I have sat with new (and exhausted) parents and their babies, frail travellers, heartbroken lovers, the homeless and those in business suits. I have made eye contact with a reluctant girl who just wanted to disappear, and also those whom have wanted to be seen.  At the end of the day, I guess we all want to be visible. To have courtesy extended to us, and have our stories heard. We all crave a smile and kind word. Public transport allows us the opportunity to have an impact on a stranger’s life. We may turn their day around with our actions. Every where I go, I look for the Dawn’s; those with raucous laughs and fabulous tales. I also search for the recalcitrant, the lonely and sad. People are complex… People are amazing. Life is hard at times. We need each other. A community can come into being on a train carriage or bus. Community can be brought to life on a ferry. Every journey is an opportunity for connection.

When life sucks, add some whimsy

 

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Definition of whimsy on http://www.vocabulary.com

We have a new Prime Minister in Australia. It is truly embarrassing. I was at a class when I received the breaking news on my phone, and announced to everyone that Peter Morrison had landed the top job! I had been under the mistaken belief that Scott Morrison and Peter Dutton were interchangeable. Perhaps, I was mislead in thinking that it was a shared role? With life feeling heavy, grey and frankly, ludicrous, it was time to escalate the whimsy factor.

 

I found some elf ears, much to my delight, and proceeded to wear them on public transport. Now, if you are a Sydney person, and have taken trains the past couple of weekends, you will know what a shambles it has been. Trips that would usually take 40 minutes were suddenly taking four hours, and that is if your train was running at all. Solution, elf ears! When I put these on, everyone started smiling, if not laughing. Conversations were started, and whimsy ruled supreme. There were even people stopped in heavy traffic gawping, as I waited for a bus.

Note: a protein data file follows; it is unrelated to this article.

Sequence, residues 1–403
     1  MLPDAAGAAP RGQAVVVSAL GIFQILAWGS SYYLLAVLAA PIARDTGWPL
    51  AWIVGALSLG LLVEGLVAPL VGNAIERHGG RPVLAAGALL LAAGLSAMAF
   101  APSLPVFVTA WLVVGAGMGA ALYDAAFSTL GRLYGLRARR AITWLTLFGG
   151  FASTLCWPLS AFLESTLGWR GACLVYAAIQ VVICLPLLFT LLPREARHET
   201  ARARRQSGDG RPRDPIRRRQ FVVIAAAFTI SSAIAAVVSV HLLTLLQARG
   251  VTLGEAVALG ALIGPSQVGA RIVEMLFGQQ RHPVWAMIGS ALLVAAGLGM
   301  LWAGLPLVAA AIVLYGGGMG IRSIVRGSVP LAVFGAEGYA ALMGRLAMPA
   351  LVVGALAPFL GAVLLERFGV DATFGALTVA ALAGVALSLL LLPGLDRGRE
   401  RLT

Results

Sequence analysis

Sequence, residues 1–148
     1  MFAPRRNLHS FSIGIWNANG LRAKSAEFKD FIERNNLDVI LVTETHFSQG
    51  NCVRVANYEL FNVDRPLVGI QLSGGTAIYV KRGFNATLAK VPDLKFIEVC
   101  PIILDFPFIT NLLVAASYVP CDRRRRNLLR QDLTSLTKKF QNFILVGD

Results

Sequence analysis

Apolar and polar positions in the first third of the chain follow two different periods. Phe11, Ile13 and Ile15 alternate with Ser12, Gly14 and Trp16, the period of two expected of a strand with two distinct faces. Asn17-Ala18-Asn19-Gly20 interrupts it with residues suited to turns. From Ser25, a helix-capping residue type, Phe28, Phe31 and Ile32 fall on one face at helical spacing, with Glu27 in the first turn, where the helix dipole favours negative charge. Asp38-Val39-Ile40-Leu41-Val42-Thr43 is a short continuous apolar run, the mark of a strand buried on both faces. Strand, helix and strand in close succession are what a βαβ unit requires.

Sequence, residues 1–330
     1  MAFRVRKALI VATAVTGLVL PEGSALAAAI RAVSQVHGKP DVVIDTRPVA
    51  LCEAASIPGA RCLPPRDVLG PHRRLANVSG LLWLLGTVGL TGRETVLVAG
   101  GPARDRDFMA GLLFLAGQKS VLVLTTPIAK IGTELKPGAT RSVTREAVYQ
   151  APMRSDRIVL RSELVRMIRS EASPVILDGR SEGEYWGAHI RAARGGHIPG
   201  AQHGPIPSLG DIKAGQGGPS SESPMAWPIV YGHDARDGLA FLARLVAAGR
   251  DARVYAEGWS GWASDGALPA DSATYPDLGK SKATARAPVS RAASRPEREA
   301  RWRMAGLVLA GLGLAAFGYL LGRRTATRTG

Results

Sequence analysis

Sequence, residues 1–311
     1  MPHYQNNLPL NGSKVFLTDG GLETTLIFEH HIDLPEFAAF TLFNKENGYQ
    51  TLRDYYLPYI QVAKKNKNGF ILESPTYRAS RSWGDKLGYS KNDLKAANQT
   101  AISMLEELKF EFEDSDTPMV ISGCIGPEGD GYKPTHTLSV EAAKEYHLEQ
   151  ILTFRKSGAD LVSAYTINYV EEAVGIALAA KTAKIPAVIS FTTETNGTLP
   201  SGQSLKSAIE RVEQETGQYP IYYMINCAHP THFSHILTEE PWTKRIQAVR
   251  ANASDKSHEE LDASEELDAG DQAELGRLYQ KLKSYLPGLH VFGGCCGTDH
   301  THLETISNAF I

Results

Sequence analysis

That’s the thing about whimsy, it takes us out of our every day ho-hum lives. It is surprising, startling and without ego. It contains humour and frivolity, with no goal in sight, other than to delight. I was amazed at how a pair of elf ears could pick up the energy in a dreary space with tired and annoyed passengers.

Here are some other recent whimsical episodes of note:

 

We had a rainbow lorikeet feasting on jam left at our table and attended a mad hatter’s high tea at the Westin, Sydney. We fell in love with greenery draped over light fittings and up the walls at a bistro, and we ran through a water feature.

We admired the meticulous costumes of Cos Play characters on their way to some marvellous expo, and congratulated the raucous Kiwi’s on winning the Rugby. We listened to melodic buskers strumming their guitars and danced in the streets of Sydney. We were at the Body Shop, and nearly jumped out of our skin’s when one of the sales people let out a shrill scream. She jovially explained it was, in fact, a hiccup, and that it always alarmed people. She continued screaming, every minute or so, the poor darling.

I bought a solitary violet cream chocolate from Haigh’s, after unknowingly jumping the queue (which  snaked out the door). I was mortified upon turning around and seeing the people patiently waiting, and was greeted with bemused smiles, bless them! I watched my daughter soar through the sky on an outside trapeze. Why did she want to partake of this class? It was to feel the sensation of flying; the sensation of being free of all incumbencies.

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These are the moments we live for. The moments of unexpected beauty, the sublime and the ridiculous. If a pair of elf ears can make a carriage full of irate passengers smile, I may have to add an entire elf outfit to my repertoire. Life isn’t meant to be a series of annoyances and trials. The harder life gets, the more whimsy must be added. Whether that be in the form of a coffee mug or some novelty to make everyone smile. The moments of whimsy make life worth living.